Sorry/not sorry. I feel like it is something I need to say. If you’re reading this, please wear a mask.  OLYMPUS DIGITAL CAMERA

Speaking of opinion, the moon looked sneaky one night. Actually, that sounds like a great first line. After I post this, I’ll go see if it works. Who knows? Maybe it will lead to a story with a happy end. One with Covid contained and my Facebook family and friends intact. One where I have an agent, a book deal, and can report being annoyed over faulty sock elastic and feeling dread over how to effectively transfer feathers without feeling guilty for having such belligerent nothingness on my mind.

Thank you for stopping by and for the read. I appreciate you!

One breath in, out, repeat

I’d tell you how quarantine is going, but I’m not sure that’s the right word. Lock down isn’t any better since I may leave the house, though I do so sparingly. Husband has returned to work and the anxiety that causes is all sorts of fun. I’m grateful to live in this house – any house – and be relatively safe in this bizzaro time in a world gone mad, but recent events have eaten into my creativity and my soul…

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The seasons progress though hiccups occur, like the snow that fell two weeks ago. I refused to take pictures of it. The crab apple bloomed along with the surviving lilac bush.

During the holiday weekend, we put up the screened in tent. The neighbors came out to listen to the insults and cursing, but there was little of that this year. The saving grace might have been that I told him I would work on it until 11:55 am then I was going in to watch Washington Week. After the break, we finished up and now I’m hoping to get the yard work done so I can enjoy it more than I have.

Anyway, that’s the post this month. I hope next month I’ll have amazing news to share and maybe – just maybe – the worthless curs with too much power will come to the realization that no matter the color of skin or language they speak, we are all just humans trying to get by. I hope to emerge from this funk a stronger writer and better human, but right now, I don’t know.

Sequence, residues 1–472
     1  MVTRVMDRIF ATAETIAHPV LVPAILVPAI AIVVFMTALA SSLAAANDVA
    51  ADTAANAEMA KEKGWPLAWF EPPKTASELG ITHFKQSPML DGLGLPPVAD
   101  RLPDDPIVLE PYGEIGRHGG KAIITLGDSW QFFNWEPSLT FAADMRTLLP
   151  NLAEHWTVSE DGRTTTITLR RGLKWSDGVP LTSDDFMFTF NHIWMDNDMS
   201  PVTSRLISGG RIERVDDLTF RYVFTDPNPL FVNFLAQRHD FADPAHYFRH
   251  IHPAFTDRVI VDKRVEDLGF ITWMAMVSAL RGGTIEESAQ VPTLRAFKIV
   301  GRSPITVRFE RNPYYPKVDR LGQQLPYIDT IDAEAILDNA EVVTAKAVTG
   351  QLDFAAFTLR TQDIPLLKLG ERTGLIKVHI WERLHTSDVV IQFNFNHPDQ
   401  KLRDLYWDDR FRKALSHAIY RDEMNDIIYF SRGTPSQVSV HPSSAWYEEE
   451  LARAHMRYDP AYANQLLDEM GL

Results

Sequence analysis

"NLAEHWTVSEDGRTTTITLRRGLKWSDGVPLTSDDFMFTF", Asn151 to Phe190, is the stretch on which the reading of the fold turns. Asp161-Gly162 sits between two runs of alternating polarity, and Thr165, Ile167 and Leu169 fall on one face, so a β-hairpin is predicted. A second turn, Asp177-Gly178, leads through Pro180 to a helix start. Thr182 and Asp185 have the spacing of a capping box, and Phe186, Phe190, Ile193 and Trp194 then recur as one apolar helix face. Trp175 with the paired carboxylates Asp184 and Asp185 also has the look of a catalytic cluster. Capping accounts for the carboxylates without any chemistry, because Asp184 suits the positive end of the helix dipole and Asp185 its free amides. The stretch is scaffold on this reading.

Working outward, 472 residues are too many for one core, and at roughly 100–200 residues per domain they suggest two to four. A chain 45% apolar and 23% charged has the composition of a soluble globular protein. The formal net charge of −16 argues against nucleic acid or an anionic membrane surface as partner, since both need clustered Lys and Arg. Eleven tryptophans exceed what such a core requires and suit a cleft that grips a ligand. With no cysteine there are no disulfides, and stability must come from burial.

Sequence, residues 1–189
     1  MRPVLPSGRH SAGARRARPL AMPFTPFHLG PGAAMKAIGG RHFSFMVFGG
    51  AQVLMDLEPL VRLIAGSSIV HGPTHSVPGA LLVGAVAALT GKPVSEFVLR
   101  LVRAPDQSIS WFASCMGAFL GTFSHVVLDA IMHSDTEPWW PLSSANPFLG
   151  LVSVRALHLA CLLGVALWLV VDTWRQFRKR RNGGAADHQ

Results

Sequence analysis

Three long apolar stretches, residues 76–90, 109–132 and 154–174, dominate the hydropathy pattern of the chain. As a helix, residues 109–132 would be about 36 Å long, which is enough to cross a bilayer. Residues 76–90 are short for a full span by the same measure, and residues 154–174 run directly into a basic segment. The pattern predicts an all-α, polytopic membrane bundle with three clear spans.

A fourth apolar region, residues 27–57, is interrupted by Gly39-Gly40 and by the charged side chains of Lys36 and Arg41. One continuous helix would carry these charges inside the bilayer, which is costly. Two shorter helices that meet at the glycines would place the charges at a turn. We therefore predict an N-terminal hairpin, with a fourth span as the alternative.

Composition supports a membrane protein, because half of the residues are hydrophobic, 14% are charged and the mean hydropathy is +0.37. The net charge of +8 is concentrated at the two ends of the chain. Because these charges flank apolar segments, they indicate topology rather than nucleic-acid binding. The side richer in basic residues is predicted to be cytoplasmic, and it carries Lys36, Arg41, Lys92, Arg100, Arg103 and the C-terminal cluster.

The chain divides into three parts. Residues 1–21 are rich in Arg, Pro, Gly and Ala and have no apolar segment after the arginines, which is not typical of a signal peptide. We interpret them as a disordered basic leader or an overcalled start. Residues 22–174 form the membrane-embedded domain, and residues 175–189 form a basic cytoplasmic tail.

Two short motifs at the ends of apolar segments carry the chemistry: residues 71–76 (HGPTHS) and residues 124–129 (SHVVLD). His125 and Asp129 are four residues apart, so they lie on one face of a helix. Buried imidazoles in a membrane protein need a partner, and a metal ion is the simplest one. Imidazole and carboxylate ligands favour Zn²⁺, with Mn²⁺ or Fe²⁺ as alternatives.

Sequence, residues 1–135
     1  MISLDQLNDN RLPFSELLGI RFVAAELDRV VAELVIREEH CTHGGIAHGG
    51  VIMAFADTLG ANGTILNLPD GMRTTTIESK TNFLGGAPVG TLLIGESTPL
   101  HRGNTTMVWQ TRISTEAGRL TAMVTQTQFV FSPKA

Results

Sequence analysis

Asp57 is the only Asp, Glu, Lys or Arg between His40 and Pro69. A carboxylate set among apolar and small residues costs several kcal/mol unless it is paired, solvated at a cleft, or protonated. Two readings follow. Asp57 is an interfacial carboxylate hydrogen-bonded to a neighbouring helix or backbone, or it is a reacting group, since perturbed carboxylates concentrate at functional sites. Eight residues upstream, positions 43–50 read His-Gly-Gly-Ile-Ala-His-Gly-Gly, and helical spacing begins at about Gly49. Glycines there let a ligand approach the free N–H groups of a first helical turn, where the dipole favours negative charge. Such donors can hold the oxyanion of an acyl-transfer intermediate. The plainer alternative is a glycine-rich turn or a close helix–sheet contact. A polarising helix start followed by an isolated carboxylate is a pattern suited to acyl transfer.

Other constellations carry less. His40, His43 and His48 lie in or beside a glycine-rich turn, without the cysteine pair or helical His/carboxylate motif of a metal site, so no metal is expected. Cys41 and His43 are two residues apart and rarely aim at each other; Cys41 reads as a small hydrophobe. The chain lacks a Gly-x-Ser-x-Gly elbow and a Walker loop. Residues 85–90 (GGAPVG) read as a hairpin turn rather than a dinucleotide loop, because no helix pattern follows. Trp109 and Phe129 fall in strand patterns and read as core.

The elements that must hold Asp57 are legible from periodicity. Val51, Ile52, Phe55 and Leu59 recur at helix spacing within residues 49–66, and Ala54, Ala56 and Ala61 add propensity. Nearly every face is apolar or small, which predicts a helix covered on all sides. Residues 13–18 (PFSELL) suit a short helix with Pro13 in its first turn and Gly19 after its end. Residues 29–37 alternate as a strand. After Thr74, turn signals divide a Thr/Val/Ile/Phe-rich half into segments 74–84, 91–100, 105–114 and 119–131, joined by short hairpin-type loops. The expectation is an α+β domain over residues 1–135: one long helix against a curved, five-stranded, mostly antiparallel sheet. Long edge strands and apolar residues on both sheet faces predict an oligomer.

Thank you for stopping by and for the read. I do appreciate it. I appreciate YOU. Cheers.

 

The Chipmunk of Doom is Visiting and He Brought Me a Bout of Ennui

I’m slightly mad at the world. Yes, I know it does me no good. Yes. I know all sorts of “oughts” to remove thoughts but I’m still kind of pissed – not about the lock down – but the indefinite time it will remain. I miss going to my writer’s groups, but we’re doing Zoom and Skype. I’ve touched base with the usual suspects. Some people I don’t frequently deal with have sent messages. I’m not lacking connection or – knock on wood – anything like food, so I’m fine and should shut up, but not knowing the end date is maddening. Maybe it’s just me.

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I’ve been working on the new novel. I’m fairly certain about the end – not exactly – but I think it will be hopeful and life affirming so yes, you should speculate if aliens have abducted and changed me. I’ve shown the start to the amazing Nina Fosati and she thinks the voice is good, so I’ll continue. As most people know, I don’t talk about my books while I’m writing them, so that’s all I’ll say about it – that and thank God for Mary and Gina for pushing me through this writing biz as long as they have. I was truly afraid when Gina left for PA it would be the end of the group, but oddly, the lock down has revived it.

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Working with a wireless keyboard makes me wonder if there will ever be a gadget that would write down one’s thoughts – or better, dreams. I’ve heard people are having vivid dreams. I haven’t been. I can usually remember them fairly well and jot down a few lines about them but recently, I haven’t been doing that. Are there only so many dreams around? I know, what an invalid theory since I can’t begin to imagine how anyone could test for such a thing. This is what happens in quarantine, odd thoughts which end up getting typed out instead of forgotten.

It’s also led to Husband completing another part of the kitchen – the corner cabinet door.